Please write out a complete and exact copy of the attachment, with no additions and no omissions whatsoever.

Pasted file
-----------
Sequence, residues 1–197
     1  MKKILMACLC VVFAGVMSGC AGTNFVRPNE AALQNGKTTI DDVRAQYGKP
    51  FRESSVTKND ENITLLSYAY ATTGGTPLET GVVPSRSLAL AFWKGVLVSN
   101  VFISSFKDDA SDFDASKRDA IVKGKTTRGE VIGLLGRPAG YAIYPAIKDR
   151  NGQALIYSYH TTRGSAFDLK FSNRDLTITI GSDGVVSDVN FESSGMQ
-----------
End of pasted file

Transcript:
Sequence, residues 1–197
     1  MKKILMACLC VVFAGVMSGC AGTNFVRPNE AALQNGKTTI DDVRAQYGKP
    51  FRESSVTKND ENITLLSYAY ATTGGTPLET GVVPSRSLAL AFWKGVLVSN
   101  VFISSFKDDA SDFDASKRDA IVKGKTTRGE VIGLLGRPAG YAIYPAIKDR
   151  NGQALIYSYH TTRGSAFDLK FSNRDLTITI GSDGVVSDVN FESSGMQ